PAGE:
The traditional diagnostic models often define personality in to three broad clusters. Cluster A defined odd, eccentric, and paranoid personality styles (schizoid, schizotypal, and paranoid). Cluster B defined overly-emotional, dramatic, and unpredictable personality styles (narcissistic, borderline, histrionic, antisocial), while Cluster C defined anxious and fearful personality styles (avoidant, dependent, obsessive-compulsive personality). More recent classification systems still utilise these broad categorical diagnoses. Furthermore, nowadays we tend to consider dimensions of personality traits. An exploration of personality style is often a component of anyone’s treatment.
Perhaps a more contemporary model of understanding personality is through the lens of attachment and psychodynamic theory. That is, the experiences we have developmentally influence the sets of defences and relational patterns that come in to being. Personality traits can be conceived of broad sets of strategies that we use to adapt and function in the world. When there have been significant ruptures or traumas in our upbringing some of those traits become accentuated and get reinforced.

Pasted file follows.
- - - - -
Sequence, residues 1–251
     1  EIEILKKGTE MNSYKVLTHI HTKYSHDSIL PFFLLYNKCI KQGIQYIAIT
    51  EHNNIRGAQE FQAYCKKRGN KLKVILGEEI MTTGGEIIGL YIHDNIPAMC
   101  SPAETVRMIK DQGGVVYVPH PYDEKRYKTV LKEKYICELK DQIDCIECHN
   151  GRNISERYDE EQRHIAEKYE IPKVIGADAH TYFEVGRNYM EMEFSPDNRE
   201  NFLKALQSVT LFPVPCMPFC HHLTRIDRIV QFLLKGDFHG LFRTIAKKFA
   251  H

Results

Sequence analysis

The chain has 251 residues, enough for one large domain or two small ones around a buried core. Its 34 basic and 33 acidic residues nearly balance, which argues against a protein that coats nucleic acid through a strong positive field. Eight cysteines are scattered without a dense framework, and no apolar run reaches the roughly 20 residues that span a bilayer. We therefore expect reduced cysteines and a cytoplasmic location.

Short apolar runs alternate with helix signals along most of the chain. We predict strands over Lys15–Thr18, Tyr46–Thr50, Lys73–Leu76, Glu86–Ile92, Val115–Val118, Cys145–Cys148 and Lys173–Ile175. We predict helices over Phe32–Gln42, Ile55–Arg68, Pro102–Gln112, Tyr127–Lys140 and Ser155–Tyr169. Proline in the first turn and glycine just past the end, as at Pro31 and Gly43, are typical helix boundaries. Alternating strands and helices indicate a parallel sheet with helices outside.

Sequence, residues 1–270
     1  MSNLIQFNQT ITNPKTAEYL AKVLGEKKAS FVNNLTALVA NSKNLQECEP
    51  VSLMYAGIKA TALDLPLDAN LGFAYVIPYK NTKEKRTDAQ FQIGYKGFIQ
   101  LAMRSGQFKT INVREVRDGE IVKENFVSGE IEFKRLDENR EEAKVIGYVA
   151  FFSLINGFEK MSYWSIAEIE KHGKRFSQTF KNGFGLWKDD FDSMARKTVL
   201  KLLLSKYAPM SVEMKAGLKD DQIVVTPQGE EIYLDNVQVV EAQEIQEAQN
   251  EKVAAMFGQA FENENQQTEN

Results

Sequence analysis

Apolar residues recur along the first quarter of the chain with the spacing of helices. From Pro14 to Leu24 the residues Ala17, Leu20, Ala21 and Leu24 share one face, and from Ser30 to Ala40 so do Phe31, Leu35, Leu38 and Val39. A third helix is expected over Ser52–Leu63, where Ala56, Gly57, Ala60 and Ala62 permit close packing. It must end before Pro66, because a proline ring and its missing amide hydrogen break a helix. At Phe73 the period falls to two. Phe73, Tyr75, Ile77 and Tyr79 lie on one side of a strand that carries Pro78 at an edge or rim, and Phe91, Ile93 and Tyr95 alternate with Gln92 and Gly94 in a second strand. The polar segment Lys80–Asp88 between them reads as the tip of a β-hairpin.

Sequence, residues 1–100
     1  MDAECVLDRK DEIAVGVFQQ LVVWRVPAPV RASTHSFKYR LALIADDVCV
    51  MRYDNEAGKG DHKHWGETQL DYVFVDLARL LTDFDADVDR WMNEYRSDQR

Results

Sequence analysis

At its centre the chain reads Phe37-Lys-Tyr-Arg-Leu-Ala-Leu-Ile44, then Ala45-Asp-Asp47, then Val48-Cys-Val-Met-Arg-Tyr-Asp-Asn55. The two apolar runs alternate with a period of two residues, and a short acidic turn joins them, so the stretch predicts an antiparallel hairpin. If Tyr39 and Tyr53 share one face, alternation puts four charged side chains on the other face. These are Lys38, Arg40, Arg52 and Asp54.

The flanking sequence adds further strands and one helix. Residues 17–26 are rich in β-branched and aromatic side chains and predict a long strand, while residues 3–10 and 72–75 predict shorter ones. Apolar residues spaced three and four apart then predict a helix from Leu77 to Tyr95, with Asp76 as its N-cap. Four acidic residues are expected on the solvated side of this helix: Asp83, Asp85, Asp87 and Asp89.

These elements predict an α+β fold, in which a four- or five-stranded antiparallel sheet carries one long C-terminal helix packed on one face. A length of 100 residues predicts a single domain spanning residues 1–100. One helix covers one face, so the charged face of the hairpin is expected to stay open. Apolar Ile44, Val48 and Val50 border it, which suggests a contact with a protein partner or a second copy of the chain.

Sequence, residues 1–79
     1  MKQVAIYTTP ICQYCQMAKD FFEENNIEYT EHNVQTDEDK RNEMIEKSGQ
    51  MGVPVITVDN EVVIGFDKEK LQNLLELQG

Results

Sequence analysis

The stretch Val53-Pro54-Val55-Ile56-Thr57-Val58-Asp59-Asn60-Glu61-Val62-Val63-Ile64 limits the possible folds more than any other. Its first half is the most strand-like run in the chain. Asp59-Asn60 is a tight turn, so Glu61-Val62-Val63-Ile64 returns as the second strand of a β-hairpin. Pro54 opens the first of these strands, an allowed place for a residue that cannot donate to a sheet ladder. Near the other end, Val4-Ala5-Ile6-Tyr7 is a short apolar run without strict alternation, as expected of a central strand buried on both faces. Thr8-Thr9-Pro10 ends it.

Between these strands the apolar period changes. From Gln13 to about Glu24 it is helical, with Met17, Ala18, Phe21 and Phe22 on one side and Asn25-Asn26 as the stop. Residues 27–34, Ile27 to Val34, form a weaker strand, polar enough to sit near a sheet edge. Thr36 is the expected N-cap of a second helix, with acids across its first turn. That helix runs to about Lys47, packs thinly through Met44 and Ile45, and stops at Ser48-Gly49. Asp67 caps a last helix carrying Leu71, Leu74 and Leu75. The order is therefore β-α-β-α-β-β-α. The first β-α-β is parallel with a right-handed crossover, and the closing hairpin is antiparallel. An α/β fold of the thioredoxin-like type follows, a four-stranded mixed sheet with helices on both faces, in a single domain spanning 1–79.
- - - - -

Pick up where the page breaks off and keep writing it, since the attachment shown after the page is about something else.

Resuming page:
For example, a client with borderline personality disorder might experience prolonged, intense, and unstable emotional reactions that are difficult to extinguish. From a developmental perspective we might see an environment that was intensely unstable and inconsistent. The child doesn’t experience safety and soothing from a parent. As a result their emotional reactions tend to amplify and intensify.
Conversely the client with narcissistic personality traits might use grandiosity and devaluing or dismissing others as a strategy to regulate self-esteem and bolster their showing socially. This might mask a vulnerability for rejection or loss. When we explore deeper into that person’s development we might see parents who were harshly critical and rejecting of anything less than perfection.
What is Borderline Personality Disorder